A perhaps minor roadblock I’m seeing, however, is that connectivism discussions to date haven’t necessarily used language that is familiar to “on the ground” practitioners, facilitators, teachers, or whatever one may wish to call them. (One exception, perhaps, is Wendy Drexler’s The Networked Student, which offers a contained classroom orientation to connectivism.)
The following rudimentary table makes a run at the language barrier. While there’s going to be some disagreement on how inquiry and connective learning are depicted, it seems to me that the table does reveal just how far connectivism moves the cheese for those working with or toward inquiry. Connectivist thinking, to a greater degree than even “progressive” inquiry approaches, shakes up some deeply entrenched assumptions about education, knowledge, learning, and teaching.
The table is admittedly a stream-of-consciousness mash-up of both theoretical understandings and a sense of how these theories play out on the ground, which is where things get pretty messy and lines get pretty blurry in a hurry. (When working with the infinite variables of learning, purism seems self-defeating…) A table like this is also only a snapshot in time, as the concepts under consideration are clearly moving targets. (Example: the inclusion of the terms communities and construction/bricolage on the connectivist side of things. These are more a reflection of trends I’m seeing in conversations than any formally definitive element. And trying to use the term “knowledge” correctly? Yipes.)
Even with these disclaimers, I suspect that the table can also serve as four-way cannon fodder, as both proponents and opponents of both theories will have some objections kind thoughts about how I have chosen to articulate these theories. But still, it seems like an item worth “throwing out there” for further consideration.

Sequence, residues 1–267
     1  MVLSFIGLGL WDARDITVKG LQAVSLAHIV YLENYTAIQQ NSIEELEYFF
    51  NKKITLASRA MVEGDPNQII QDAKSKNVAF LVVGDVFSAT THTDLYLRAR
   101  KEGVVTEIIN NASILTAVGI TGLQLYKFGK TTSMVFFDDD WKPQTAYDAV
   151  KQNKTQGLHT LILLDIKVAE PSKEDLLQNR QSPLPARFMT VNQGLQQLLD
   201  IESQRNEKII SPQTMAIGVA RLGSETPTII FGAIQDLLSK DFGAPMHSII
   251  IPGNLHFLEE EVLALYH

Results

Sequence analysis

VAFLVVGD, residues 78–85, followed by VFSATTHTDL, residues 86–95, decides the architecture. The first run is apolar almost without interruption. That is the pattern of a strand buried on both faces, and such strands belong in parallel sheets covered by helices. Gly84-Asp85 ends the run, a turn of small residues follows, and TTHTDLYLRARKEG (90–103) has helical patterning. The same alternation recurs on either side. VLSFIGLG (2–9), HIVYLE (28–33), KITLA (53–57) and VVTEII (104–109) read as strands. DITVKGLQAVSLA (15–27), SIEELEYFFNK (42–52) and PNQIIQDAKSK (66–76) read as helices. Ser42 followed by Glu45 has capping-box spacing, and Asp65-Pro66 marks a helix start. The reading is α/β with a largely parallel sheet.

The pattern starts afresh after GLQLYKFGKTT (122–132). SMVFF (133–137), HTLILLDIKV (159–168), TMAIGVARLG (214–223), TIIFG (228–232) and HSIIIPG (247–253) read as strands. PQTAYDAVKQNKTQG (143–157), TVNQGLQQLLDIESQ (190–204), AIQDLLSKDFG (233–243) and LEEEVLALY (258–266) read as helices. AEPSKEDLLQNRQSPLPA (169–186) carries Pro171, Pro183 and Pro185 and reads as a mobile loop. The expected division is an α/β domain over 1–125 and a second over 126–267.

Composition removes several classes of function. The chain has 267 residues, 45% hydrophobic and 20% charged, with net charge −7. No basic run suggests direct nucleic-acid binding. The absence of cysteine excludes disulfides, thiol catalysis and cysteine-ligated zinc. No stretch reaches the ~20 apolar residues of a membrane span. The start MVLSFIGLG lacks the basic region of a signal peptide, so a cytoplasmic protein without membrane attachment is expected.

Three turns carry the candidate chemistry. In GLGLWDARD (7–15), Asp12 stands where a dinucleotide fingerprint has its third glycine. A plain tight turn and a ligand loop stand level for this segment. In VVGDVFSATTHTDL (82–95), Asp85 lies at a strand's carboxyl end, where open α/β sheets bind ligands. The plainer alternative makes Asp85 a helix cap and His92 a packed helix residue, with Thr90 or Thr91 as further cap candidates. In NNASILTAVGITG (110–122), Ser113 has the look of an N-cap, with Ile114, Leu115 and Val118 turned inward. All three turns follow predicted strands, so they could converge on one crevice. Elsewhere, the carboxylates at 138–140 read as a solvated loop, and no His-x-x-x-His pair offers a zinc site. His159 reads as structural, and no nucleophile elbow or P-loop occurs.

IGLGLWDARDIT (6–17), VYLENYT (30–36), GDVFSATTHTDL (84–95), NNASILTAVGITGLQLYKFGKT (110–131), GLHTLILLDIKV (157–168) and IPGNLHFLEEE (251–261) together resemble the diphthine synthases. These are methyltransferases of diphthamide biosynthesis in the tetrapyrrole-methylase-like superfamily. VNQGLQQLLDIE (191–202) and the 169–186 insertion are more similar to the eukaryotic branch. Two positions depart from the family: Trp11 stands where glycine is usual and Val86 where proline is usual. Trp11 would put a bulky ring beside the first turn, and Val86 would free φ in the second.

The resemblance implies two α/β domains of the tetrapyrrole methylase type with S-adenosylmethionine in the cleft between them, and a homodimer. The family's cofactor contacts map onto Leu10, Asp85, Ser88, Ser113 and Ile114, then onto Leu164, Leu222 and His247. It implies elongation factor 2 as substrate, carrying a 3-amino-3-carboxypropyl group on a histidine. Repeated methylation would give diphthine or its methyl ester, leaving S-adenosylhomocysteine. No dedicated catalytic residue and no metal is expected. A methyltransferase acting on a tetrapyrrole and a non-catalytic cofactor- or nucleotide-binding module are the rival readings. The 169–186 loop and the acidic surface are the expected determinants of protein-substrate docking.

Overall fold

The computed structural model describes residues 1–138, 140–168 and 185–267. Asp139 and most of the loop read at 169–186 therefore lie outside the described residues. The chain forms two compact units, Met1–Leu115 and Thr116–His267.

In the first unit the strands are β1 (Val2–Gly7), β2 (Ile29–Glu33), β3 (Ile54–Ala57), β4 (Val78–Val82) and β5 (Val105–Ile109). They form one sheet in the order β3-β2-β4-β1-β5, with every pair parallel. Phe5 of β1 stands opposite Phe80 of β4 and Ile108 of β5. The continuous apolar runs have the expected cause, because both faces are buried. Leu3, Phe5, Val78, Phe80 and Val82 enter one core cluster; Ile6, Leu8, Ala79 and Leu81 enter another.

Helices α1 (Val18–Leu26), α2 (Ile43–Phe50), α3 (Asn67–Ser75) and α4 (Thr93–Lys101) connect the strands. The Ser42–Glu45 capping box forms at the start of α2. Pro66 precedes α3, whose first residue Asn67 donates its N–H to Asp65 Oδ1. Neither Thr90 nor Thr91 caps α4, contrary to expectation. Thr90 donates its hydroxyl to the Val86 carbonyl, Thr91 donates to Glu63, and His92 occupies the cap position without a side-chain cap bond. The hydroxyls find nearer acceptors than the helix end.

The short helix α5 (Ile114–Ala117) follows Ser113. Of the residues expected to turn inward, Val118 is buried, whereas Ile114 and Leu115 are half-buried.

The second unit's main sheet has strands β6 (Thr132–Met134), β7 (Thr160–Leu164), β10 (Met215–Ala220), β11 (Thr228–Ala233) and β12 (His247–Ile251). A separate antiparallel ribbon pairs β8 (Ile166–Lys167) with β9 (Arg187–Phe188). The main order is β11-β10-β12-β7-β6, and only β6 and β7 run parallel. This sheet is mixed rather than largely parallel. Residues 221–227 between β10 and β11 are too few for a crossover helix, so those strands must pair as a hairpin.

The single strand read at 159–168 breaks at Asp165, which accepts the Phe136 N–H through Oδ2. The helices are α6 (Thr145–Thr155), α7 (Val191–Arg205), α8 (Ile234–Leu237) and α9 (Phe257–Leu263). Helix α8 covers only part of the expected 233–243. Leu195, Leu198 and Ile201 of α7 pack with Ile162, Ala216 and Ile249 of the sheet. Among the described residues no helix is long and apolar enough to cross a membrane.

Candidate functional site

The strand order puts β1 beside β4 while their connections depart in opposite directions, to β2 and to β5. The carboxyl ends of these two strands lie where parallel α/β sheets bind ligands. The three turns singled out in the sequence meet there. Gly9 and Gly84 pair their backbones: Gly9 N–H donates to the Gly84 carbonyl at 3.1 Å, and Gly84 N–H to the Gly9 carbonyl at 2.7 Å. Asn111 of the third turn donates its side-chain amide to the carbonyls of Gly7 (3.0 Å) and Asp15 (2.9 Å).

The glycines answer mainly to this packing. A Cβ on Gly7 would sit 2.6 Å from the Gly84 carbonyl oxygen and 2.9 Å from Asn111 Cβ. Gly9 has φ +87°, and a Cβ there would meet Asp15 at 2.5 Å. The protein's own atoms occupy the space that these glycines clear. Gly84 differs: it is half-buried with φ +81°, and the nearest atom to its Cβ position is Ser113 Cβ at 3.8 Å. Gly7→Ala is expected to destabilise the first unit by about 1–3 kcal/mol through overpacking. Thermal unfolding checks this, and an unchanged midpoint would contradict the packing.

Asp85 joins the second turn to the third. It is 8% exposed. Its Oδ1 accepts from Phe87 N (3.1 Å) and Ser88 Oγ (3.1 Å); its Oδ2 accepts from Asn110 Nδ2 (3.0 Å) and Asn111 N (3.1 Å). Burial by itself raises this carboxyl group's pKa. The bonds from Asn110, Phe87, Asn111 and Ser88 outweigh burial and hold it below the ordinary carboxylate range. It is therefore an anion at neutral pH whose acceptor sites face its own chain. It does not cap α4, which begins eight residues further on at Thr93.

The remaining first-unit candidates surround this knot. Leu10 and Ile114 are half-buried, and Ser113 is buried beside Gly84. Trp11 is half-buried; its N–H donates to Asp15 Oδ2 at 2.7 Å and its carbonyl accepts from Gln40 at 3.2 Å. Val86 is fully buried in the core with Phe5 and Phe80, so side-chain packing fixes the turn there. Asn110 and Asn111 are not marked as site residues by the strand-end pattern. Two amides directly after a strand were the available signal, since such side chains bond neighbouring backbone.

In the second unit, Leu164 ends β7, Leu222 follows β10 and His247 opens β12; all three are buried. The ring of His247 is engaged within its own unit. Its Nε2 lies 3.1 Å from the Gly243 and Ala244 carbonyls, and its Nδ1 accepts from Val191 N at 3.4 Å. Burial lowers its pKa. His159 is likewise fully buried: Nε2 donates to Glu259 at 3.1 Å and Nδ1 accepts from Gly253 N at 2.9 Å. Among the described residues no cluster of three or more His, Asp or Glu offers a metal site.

Italicized words and concepts are recognized as potentially contentious. Other words and concepts are also undoubtedly contentious, but a fully italicized table seems like overkill.
|Inquiry learning||Connective learning|
|Understanding big ideas||Understanding fragmented ideas|
|Depth of understanding||Depth/diversity of connections|
|Question, investigate||Converse, immerse, connect|
|Collaboration (team with shared goals)||Cooperation (individuals with aligned interests)|
|Teacher as facilitator||Learner and network as facilitators|
|Guide on the side/meddler in the middle||Modeling, demonstration|
|Anticipated processes, goals||Emergent processes, goals|
|Understanding, reflection||Increasing/improving connections, construction/bricolage|
|Focus on developing “whole” learner (values orientation, socialization)||Come as you are/ “knowing to be”|
|Active/continuous participation||Option of legitimate peripheral participation|
|The practice of experts||Distributed expertise, state of expertness|
|Learner-focused||Learner as node, hub, link|
|Authenticity: Actual and simulated/designed||Space: “Real” and “virtual”|
|Groups and communities||Networks, communities|
|Use of resources beyond classroom||Classroom/coursework as one potential resource|
|Assessment by more knowledgeable other||Ongoing assessment through network interaction (via self and others)|
|Consciously uses “technology”||“Technology” is assumed/invisible/ubiquitous|
|Exploration, discovery, experience||“Foraging,” way-finding, pattern recognition, surfing, sensing, experiencing|
|Encourages relevance, motivation||Requires relevance, motivation|
|Resulting knowledge is new to learner||Resulting knowledge is new to all (to network)|
|Considers content (existing knowledge) in addition to process||New knowing emerges from process of network activity|
|Learning results in knowledge||Learning results in/is “being”|